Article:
Overview – cont.
The keyboards keys are covered with non-slip rubber finish, the same used on both the Lachesis and the Deathadder. This gives you a much more tactile feeling to the keyboard as apposed to the greasy slick feeling of a well used standard board. The clip-out stands that you find on the back are also made of the same material which will stop the board from sliding round during a raucous gaming session. The Windows keys are shaped differently from the rest of the button caps, with the logo slightly indented with a circle. This will help you discern whether you are pressing the dreaded Windows key during a game, or Alt. Razer make the possibility of a rogue key press even lower by allowing the button to be disabled when you are gaming.
In the top right corner of the board, you’ll find a bordered rectangle that has the media keys, although there isn’t any obvious way of using them. These are part of the Touchpanel easy access keys that are essentially a laptop touch pad but with only a few active zones. As a result you only have to brush your fingers over the top to activate the wanted key rather than go through the hassle of pressing down a key. This is also the only place where you’ll find a lit Razer icon that unlike nearly every recent Razer release doesn’t fade in and out. The other Razer logo is on the removable – by four cross-head screws – wrist rest at the bottom of the board. This one is simply a printed glossy image on the matt black plastic rest, which is different from the original Tarantula keyboard.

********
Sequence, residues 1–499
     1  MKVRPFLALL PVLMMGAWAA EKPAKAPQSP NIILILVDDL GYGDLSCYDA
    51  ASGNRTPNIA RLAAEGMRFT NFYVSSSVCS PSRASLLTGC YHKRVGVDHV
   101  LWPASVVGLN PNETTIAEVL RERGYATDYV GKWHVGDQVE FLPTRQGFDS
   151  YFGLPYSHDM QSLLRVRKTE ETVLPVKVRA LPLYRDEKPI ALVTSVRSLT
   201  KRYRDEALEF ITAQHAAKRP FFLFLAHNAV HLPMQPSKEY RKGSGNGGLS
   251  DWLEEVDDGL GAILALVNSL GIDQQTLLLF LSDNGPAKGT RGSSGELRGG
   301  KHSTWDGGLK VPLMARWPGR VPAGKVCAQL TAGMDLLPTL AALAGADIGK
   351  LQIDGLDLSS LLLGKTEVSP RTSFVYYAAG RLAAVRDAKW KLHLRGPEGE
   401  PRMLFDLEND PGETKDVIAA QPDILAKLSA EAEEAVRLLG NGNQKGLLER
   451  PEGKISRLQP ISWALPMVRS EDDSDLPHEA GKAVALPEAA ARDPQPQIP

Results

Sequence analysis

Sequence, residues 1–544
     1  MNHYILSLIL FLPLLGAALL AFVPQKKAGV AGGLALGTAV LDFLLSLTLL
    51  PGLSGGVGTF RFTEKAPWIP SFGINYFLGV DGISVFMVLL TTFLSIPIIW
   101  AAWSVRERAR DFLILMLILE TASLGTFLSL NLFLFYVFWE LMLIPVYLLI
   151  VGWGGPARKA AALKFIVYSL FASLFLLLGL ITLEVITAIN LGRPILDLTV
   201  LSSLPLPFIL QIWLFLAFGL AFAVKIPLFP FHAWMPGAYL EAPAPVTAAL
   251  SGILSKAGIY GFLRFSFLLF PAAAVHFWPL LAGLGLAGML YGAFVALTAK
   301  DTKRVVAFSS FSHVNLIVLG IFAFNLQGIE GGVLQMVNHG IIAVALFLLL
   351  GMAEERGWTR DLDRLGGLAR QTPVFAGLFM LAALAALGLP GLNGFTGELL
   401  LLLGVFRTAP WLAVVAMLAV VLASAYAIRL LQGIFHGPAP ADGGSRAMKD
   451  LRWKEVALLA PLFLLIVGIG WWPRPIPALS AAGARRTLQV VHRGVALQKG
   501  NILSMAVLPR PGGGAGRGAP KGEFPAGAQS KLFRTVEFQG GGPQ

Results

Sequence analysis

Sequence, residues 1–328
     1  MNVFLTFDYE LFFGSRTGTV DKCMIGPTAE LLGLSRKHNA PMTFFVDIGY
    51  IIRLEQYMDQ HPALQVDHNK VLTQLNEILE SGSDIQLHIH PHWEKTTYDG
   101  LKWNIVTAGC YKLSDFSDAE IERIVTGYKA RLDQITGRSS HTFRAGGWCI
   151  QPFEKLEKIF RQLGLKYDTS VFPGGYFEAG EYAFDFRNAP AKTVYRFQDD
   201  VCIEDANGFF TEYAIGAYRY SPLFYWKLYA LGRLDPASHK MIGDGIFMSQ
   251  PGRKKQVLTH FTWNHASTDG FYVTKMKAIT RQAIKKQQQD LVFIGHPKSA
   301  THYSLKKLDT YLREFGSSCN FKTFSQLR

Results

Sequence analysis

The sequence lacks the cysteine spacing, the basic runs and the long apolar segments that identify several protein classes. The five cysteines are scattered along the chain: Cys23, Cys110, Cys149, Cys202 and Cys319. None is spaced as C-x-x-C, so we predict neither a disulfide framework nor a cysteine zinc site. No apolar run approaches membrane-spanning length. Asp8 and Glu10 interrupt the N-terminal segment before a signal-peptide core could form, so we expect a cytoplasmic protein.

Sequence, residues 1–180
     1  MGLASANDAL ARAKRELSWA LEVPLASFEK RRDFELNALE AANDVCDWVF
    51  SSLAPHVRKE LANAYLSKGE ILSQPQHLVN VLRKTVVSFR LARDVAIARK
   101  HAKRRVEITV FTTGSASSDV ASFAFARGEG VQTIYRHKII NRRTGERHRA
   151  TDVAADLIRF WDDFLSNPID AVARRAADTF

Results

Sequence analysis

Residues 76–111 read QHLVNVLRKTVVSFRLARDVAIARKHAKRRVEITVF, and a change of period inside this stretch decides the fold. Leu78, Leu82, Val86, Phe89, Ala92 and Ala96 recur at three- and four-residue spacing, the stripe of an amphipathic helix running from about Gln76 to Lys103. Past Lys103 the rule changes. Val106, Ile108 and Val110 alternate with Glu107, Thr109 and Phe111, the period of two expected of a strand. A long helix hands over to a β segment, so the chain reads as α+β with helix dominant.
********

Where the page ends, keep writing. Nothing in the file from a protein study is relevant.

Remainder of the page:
The boards shape is interesting to say the least, as there are two rectangular cut-outs at the top and bottom of the board, which exists whether or not you have the wrist-rest attached. These are apparently just for aesthetics’ but, I’ve discovered the true usage of these notches. As this board is used for gamers, who’ll probably end up taking this board with them to a LAN party or just to show off, these notches make it easy to wrap the cables around it.
Looking at the top of the board you’ll find some I/O ports, with mic and audio out. There is also a USB port, which is actually just an extension from your PC as the Lycosa connects with two USB cables, rather than just one. It’s fully USB 2.0 compatible as there is no intermediate circuitry involved inside the keyboard. Why the board doesn’t just have one USB cable that is split to this port seems strange but a keyboard such as the Enermax Aurora does this, but the two USB ports only run at 1.1 speeds.